According to Barry (2017), the structuralists use scientific methods to analyze a literary work. They look into the conventions of the genre, the history or different forms of art (including other literature) that the literary work refers to. They think that there will be an absolute answer in what the literature wants to tell the audience, if we study close and careful enough on the context. In this essay, we will first look at the background in which The Werewolf is set (the story Little Red Riding Hood), and we will analyze the message of the story by looking at how The Werewolf is different from it.
The original story
The story is built on the famously-known European tale, Little Red Riding Hood, in which a girl, while going to her grandmother’s house, encountered a wolf. In the story, she told the wolf where she is going to. The wolf headed to grandmother’s house before the girl, swallowed the grandmother, and waited for the girl to appear. Although the girl noticed something strange with ‘the grandmother’ outlook, she could not avoid the fate of being eaten by the wolf. The story ends here, in the earliest known printed version by Charles Perrault (Wikipedia, 2019b).
Differences from the original story – Added Festivals
Some additional details are added in this story. For example, the myth that “a blue-eyed child born feet first on the night of St John’s Eve will have second sight” (Carter, 2006, p. 147-148). St John’s Eve is the day before the Feast Day of Saint John the Baptist, and is celebrated on 23rd June during sunset, during which people will start bonfires in order to turn evil spirits and witches away (Wikipedia, 2019c). Coinciding with the summer solstice, most of Europe is hot by this time of year, and the “northern country” indicated at the beginning of the short story, may be referring to Norway, Sweden, Finland, Russia, Iceland, Faroe Islands or Greenland, and probably outside the polar circle, because there is no night during this time of year in the polar region and “the night of St John’s Eve” will become invalid (Carter, 2006, p. 147-148).
Another detail, very similar to the previous one, mentioned, is that on Walpurgisnacht “the Devil holds picnics in the graveyards and invites the witches”. They will then “dig up fresh corpses” and “eat them” (Carter, 2006, p. 147-148). Walpurgisnacht is the day before the feast day of Saint Walpurga, and is celebrated on the night of 30th April, during which, again, people will start bonfires in order to turn evil spirits and witches away. Northern countries that celebrate Walpurgisnacht include Norway, Finland and Sweden and the story should have been based on one of these countries (Wikipedia, 2019d). The original story did not mention these two details. In this story, there is a possibility that the day the girl visiting her grandmother was probably on either at the night of St John’s Eve or during Walpurgisnacht, or otherwise, the villagers may not have believed in the girl’s words that the dead grandmother was in fact possessed by a wolf, that has some links with evil spirits or some kind of witches. If the villagers have been less superstitious, they would not have helped a criminal to “prosper” (Carter, 2006, p.148-149).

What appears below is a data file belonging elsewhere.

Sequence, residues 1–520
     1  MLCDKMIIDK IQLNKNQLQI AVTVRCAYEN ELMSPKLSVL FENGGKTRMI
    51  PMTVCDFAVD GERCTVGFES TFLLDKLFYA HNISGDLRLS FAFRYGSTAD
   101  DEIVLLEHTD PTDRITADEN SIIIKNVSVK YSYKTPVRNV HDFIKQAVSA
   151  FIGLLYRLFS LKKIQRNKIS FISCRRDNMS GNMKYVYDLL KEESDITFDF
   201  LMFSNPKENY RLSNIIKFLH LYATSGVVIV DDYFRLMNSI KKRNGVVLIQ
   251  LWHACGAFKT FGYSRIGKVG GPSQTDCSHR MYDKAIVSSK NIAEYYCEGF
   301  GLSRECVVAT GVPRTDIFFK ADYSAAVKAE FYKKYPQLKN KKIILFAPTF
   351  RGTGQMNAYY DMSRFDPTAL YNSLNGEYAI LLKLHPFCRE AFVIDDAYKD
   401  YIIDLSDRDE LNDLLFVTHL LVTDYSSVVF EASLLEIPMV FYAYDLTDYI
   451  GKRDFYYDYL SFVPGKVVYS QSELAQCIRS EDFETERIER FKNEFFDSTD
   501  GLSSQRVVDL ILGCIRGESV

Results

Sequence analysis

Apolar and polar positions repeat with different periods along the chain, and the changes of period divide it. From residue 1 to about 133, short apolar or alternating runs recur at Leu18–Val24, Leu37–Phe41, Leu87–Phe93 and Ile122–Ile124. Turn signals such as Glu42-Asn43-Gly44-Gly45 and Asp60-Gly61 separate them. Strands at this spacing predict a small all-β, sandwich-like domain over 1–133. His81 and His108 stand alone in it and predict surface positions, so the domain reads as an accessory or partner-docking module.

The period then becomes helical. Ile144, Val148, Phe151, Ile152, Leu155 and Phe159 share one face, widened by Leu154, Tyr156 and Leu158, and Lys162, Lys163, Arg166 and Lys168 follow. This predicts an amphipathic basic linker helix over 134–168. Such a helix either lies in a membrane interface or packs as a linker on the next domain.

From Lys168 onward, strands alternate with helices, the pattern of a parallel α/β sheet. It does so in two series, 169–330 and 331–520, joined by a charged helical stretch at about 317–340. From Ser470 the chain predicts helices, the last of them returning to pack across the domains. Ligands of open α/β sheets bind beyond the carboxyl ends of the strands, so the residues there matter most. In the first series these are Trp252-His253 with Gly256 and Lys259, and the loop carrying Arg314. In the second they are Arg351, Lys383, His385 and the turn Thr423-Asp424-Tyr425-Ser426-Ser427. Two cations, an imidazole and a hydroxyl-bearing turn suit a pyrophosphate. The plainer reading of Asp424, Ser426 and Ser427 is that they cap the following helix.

Differences from the original story – Opposite ending
The ending of this story does not result in the girl’s death, contrasting with the original version of the story. The girl at the end chopped the wolf’s paw and killed her possessed grandma, and the result of that was “she prospered” (Carter, 2006, p.148-149). Angela Carter, as a feminist writer, probably tried to rewrite the original misogynic version of story to express messages that are commonly expressed during the second-wave feminism, as the story was published in 1979 (Wikipedia, 2019a). The second wave of feminism, unlike the first wave, focuses instead on the ideological stereotypes behind the oppression of females, rather than fighting for rights on the surface such as voting rights (Burkett & Brunell, 2019). Marina Warner (as cited in Wikipedia, 2019a) suggests that the collection of stories, The Bloody Chamber, which includes this story was about “desire and its destruction, the self-immolation of women, how women collude and connive with their condition of enslavement”. Not only men deserve a strong image as a warrior, but so does women and girls. It sends a message that portrayals of weak women and girls, such as that of the original version of the story, in which the girl was so naïve to believe in the wolf’s apparent lies and was easily eaten, should be condemned, as these kind of literature would only enhance the inequality between men and women.